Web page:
FILE PHOTO: Tourists snorkel near a turtle as it looks for food amongst the coral in the lagoon at Lady Elliot Island north-east of the town of Bundaberg in Queensland, Australia, June 9, 2015. REUTERS/David Gray/File Photo
(Reuters) – Rising temperatures at Australia’s Great Barrier Reef are causing more green turtles to be born female, which could lead to the species dying out, a new scientific study has found.
As the gender of green turtles is determined by temperature, the hotter weather caused by climate change induces warmer incubations of eggs, and that has led to a greater number of female hatchlings.
The study published last week revealed that more than 99 percent of the juvenile and sub adult population on the northern part of the reef are female, and 69 percent are female on the southern reef.
The two populations are genetically distinct.
“We’re now seeing on those northern beaches virtually no males being born,” said WWF-Australia Chief Executive Dermot O’Gorman.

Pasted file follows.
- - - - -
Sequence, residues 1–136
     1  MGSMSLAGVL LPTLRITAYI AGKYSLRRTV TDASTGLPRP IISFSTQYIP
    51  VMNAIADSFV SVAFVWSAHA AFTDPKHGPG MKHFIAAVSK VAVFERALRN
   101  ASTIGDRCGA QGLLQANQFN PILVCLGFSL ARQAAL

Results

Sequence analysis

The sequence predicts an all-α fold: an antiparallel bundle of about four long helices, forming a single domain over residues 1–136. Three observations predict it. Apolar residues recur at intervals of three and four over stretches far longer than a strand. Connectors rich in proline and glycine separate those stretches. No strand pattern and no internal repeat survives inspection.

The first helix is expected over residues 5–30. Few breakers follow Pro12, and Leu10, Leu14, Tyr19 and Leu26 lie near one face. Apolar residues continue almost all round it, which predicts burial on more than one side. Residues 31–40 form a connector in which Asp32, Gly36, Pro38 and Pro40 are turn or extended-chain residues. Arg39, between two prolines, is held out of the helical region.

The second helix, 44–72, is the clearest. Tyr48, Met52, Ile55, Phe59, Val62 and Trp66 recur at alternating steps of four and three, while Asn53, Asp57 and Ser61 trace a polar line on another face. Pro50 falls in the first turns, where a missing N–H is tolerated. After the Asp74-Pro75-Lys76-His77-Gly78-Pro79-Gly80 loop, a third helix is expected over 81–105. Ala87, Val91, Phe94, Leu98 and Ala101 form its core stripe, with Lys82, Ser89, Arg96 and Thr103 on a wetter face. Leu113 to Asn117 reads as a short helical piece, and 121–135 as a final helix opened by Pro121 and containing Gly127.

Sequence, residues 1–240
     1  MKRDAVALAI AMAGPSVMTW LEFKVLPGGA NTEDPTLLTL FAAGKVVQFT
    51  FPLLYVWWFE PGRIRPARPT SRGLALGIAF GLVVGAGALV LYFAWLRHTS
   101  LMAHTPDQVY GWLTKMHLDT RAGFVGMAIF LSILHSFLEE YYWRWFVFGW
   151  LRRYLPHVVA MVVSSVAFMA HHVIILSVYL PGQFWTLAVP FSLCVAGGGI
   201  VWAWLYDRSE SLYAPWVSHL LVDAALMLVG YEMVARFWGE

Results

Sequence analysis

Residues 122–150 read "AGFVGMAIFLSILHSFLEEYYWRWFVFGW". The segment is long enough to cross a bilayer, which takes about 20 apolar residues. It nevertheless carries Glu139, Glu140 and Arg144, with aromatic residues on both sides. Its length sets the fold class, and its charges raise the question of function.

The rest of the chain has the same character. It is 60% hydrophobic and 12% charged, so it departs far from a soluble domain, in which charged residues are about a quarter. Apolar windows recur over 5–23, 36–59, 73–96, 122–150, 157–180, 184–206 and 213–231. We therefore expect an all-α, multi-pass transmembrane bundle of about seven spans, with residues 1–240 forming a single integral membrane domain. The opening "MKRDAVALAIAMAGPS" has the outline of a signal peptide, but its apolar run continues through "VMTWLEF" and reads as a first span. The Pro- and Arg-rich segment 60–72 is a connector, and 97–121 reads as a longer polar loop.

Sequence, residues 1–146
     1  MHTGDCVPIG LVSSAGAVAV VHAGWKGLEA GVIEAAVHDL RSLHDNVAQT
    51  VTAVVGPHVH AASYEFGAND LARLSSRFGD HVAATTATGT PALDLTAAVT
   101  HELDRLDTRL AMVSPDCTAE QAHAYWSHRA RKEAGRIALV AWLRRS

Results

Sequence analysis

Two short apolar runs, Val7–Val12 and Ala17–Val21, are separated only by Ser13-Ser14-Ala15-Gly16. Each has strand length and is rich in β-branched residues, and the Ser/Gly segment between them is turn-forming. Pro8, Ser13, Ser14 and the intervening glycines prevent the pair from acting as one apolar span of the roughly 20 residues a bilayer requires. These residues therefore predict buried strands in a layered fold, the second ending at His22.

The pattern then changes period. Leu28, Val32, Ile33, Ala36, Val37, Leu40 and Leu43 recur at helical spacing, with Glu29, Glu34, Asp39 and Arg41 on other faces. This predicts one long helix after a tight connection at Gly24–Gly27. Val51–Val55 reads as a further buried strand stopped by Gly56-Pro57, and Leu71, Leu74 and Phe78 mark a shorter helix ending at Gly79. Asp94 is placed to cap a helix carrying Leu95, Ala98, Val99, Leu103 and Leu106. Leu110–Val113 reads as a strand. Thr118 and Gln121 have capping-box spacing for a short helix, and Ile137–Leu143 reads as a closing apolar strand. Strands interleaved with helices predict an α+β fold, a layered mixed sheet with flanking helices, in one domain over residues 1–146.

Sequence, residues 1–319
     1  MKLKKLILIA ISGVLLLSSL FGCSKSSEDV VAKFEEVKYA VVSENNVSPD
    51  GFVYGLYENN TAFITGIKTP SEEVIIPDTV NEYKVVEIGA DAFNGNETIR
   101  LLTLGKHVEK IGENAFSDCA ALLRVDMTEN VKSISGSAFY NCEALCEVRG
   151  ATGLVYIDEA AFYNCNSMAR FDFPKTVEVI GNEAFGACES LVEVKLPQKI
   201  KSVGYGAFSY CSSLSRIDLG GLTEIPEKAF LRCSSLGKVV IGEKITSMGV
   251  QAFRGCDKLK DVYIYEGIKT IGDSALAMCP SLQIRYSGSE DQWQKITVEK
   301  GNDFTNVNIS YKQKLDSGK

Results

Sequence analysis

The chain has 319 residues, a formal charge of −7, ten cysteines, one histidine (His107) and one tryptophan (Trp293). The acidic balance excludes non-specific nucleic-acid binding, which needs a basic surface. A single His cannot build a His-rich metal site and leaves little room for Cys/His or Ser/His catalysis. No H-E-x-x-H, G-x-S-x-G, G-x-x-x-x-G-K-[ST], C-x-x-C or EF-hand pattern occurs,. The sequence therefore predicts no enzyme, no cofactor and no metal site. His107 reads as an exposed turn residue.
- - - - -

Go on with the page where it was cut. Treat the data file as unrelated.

“That really rings alarm bells for the long-term survival of those northern green turtle population.”Scientists conduct turtle sampling in the Howick group of islands on the Great Barrier Reef, Australia, in this handout photo dated August 19, 2014. WWF Australia/Handout via REUTERS
The study was carried out by the National Oceanic and Atmospheric Administration, California State University, and Worldwide Fund for Nature (WWF) Australia.
O’Gorman said urgent measures were needed to tackle climate change.
The Queensland Department of Environment and Heritage Protection have been testing various measures to lower the temperature of the sand, where the turtles lay their eggs.
Options include providing shade or inducing artificial rain to cool the beach, said chief scientist Colin Limpus.
“Protecting some of the big breeding males from threats like nets and bycatch is going to be really important going on into the future as well,” said O’Gorman.
The Great Barrier Reef, covering 348,000 square km (134,000 square miles), was listed as a World Heritage site in 1981 as the most extensive and spectacular coral reef ecosystem on the planet.
(Writing by Dewey Sim; Editing by Karishma Singh and Robert Birsel)
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